Freesteel Blog » Tandem Flight Engagement

Tandem Flight Engagement

Saturday, May 31st, 2014 at 6:21 am Written by:

May 29 was predicted to be a poor thermalling day. I caught the taxi up with the expectation of making two or three flights in the day just for practice. The take-off field was crammed with gliders for yet another German hang-gliding competition. No chance of getting off early. The competition task was short: a speedy zig-zag across the valley and then to the landing field.

By the time there was enough room to get to the front, there were all sorts of antique gliders being set up, including an Airwave Calypso, which is the kind I flew when one belonged to the Bristol University Hang-Gliding Club in 1991. Imagine the days when almost every British university had its own hang-gliding club. It boggles my mind.

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There were two tandem gliders preparing to take-off. These tend to be large, inefficient, slow-flying gliders that waft around on big sails. The co-pilots were both blond girls with no fear. Here is one of them being shown how they will run down the ramp without tripping over.

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I stopped prevaricating and delaying my own take-off, and finally got in line ahead one of the tandems. After bimbling around above the trees and generally being useless, I noticed that one of the tandem gliders was out-thermalling me. This got me very angry. If I was going to be beaten by a crappy tandem glider, I might as well give up on this whole game. There is no point in me buying all this fancy gear if I cannot go places.

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I followed the tandem on its circular course and was soon above it. The tandem continued to skim past me at an alarming angle. Now it was a matter of survival that I should stay in the thermal successfully and keep above it. My brain was switched on.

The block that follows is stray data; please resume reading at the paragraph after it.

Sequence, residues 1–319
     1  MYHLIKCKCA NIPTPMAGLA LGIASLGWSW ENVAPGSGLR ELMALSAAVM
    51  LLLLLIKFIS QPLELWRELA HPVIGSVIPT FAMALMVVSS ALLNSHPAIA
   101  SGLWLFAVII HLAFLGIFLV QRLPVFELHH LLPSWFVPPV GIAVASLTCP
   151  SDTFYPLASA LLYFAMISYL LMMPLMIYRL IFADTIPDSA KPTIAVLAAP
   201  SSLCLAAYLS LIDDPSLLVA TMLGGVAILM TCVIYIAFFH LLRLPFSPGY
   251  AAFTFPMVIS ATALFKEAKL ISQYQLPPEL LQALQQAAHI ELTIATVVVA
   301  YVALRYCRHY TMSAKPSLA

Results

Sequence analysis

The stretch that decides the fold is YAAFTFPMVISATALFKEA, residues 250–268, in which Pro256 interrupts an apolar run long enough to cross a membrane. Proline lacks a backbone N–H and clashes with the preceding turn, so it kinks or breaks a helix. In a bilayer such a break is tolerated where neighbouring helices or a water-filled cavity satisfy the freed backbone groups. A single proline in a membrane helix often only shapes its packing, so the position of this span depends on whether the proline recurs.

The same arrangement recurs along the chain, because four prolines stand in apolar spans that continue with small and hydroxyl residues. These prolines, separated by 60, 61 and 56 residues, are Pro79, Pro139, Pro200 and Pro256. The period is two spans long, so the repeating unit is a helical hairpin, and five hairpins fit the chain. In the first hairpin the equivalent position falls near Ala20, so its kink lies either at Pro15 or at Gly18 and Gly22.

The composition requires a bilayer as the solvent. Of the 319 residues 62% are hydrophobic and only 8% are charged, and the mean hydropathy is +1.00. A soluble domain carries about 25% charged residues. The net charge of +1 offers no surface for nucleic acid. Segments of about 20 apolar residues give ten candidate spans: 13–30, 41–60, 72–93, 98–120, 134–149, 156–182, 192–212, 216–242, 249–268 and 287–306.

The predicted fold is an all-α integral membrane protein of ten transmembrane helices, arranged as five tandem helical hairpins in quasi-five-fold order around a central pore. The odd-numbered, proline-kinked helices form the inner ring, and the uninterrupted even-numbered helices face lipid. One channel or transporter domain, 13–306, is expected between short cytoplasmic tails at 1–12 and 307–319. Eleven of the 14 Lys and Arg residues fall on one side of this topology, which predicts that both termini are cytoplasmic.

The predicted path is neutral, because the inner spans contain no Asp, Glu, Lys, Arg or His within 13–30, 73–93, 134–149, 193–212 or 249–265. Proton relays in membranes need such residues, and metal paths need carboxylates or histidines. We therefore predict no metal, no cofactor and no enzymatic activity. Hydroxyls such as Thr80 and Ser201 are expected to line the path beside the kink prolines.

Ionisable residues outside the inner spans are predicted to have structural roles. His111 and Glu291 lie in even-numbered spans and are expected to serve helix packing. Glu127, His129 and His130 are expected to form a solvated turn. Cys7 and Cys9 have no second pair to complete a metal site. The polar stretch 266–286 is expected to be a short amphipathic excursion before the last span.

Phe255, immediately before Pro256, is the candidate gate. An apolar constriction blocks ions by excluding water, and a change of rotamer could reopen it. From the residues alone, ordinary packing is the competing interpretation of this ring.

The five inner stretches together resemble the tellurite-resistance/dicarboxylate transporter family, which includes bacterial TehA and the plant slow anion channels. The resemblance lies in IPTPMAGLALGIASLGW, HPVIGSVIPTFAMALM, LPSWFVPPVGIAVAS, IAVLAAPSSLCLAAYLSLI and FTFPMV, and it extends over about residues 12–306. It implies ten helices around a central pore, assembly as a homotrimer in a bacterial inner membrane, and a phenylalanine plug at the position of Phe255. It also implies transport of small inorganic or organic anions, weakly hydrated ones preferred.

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After another ten minutes I was up and chasing the clouds. This is where I wanted to be. Unfortunately I had no gloves and was wearing only a thin fleece. The parts of me outside the harness were chilled, but my main body was warm. The harness is tight and sealed. It feels like being in a big bear hug with barely room to wriggle my legs or torso. The pressure is calming and reassuring.

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I journeyed east as far as Goldeck, watching from cloud base the procession of rigid wing gliders cross the lake for their turn point and then race down the valley to the landing zone. The thermals failed to materialize on several sun-drenched ridges, and I was half-way down the mountain and barely maintaining altitude before turning back. There was no chance I would make it to Griefenburg. Unless…

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That was such a joyous thermal. It did not feel like I was flying, so much as dancing on a big soft balloon. I looked up and watched the black nose of my glider gyrating. I love my glider. I did not want to pack her up after I landed in the field.

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